Dishea Nephtaly sits on the river bank and waits patiently for the fish to bite. He knows it could take hours, but the prize is worth it.
For the Khutsong resident, the fishing is often good at Padda Dam. When it is, he sells his catch to local residents or puts it on the dinner table.
“I’ve been fishing here for 10 years...we eat the fish and there’s no problem”, he says. “Look, we can tell the water isn’t very clean because of all the mining around here. The fish still taste good.”
But less than a kilometre away, the warnings are clear: a municipal sign advises residents not to drink or cook from the tainted Wonderfonteinspruit because the water is dangerous for human consumption. Toxic water pools alongside the signboard, mining salts lace the surrounding soil like confetti.
Watching Nephtaly cast another line into the polluted waters, Mariette Liefferink shudders, horrified. “People should not be eating this fish or selling it to communities”, says the environmental activist. “There could be long-term health impacts from ingesting it. We just don’t know.”
But Nephtaly, like many residents of Khutsong, has never heard that the Padda Dam is one of 36 radiological hot spots in the Wonderfonteinspruit Catchment Area, a collection of sites authorities believe “could be impacted by waterborne radioactive material within the catchment and potentially be a public health hazard”.
Flowing through one of the riches gold mining areas in the world, the wonderfonteinspruit has been the silent, helpless victim of a century of the industry’s pollution.
In 2009, authorities identified 36 hot spots, including dams, wetlands and canals, that contain elevated levels of cadmium, cobalt, copper, zinc, arsenic and uranium, some requiring immediate remediation.
Burt five years later, activists like Liefferink, who heads the Federation for a Sustainable Environment (FSE), say nothing has been done to remove the potential risks for the more than 400 000 people living in mining towns such as Randfontein, Bekkersdal, Carletonville and Khutsong, whose lives are tied to a 100 km stretch of the water system.
One of the 36 sites, the Lancaster Dam is a category one site, where there is “no reason to delay immediate action”. The once-pristine dam , the source of the Wonderfonteinspruit, remains a poisonous, radioactive mess of acid mine water, devoid of all life.
“Nothing has changed here or at the other sites”, says a disheartened Liefferink, staring at the dead dam. “People are still irrigating their vegetable gardens in the Wonderfonteinspruit. Animals are still watering at areas which were identified as radiological hot spots. Children are still swimming in radiological hot spot areas in Bekkersdal (Donaldson Dam). Affected parties have not been identified and supplied with alternative water resources.”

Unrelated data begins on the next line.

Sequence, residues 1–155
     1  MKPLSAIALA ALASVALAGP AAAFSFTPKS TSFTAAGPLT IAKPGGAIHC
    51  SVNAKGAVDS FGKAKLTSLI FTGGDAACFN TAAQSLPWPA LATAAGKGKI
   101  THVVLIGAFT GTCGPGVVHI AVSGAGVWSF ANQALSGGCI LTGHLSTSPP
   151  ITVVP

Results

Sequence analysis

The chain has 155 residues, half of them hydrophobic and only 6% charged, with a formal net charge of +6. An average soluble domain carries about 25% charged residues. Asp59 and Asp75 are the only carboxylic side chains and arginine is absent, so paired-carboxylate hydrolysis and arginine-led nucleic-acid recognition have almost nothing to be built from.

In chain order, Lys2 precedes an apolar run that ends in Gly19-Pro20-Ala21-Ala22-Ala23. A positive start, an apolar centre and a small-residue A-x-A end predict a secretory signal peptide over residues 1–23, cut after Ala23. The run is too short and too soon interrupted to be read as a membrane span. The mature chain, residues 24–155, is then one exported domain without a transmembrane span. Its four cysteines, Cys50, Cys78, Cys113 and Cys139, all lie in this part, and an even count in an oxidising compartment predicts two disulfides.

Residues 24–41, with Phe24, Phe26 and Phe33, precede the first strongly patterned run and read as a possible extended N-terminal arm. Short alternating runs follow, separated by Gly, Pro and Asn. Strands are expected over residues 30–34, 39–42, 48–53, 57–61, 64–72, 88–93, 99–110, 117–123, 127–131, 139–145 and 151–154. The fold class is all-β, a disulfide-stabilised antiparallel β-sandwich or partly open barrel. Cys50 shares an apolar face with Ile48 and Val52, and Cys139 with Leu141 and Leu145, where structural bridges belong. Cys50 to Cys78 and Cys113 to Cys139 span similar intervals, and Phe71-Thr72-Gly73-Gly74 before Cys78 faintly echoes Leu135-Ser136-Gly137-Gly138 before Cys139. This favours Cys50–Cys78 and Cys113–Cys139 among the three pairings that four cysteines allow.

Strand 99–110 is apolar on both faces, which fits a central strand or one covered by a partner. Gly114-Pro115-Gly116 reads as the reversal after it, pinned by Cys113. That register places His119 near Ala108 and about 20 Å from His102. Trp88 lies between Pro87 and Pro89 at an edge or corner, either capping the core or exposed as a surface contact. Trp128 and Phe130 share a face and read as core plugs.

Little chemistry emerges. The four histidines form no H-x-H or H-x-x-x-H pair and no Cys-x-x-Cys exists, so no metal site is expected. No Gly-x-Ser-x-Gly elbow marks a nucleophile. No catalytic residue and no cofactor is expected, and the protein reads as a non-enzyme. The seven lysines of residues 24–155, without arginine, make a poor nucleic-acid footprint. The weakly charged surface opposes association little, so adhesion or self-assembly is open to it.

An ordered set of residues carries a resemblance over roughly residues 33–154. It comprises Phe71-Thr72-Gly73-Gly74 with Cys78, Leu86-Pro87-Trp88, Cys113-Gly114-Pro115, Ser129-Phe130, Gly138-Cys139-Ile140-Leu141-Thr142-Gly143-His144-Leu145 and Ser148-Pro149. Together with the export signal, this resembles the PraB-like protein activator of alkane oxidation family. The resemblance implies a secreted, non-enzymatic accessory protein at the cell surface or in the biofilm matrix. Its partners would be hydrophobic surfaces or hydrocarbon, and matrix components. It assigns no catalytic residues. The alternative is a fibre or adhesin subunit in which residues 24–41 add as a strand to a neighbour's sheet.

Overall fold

Several studies by Frank Winde, an uranium expert from the North West University, have worned how poor communities living alongside the Wonderfonteinspruit may be exposed to uranium pollution from historic gold mining waste seeping into the catchment.
This water then finds its way into the food chain of subsistence farmers either through irrigation of gardens or livestock watering.
Farmers like Jacob Sehloho and his girlfriend, Emina. The Rastafarian couple have abandoned their withering farm in the heart of Khutsong’s “danger zone”, alongside the Wonderfonteinspruit, and another radiological hot spot.
“Since we heard about this water pollution we are too scared to eat our vegetables”, says Sehloho. “A lot of people use this water and they have skin problems, and cramps. Sometimes, even cancer. When you do your laundry, there are these mining salts in your clothes. We don’t know if they are radioactive.”
He points to 78-year old Albert Nyambanga, happily watering his onions directly from water sourced from the Wonderfonteinspruit. Like many local farmers, he has diverted the Wonderfonteinspruit – also tainted by sewage – to directly feed his vegetable patch. “We have run workshops with the community but there is no alternative, so people continue to use the water. People are just trying to survive.”
In December, the Saturday Star revealed how David Hamman of the North West University’s Potchefstroom campus detected significant levels of radioactive uranium and heavy metals in soil, water and cattle tissue samples in his study to gauge the extent of mining-related pollution in the Wonderfonteinspruit.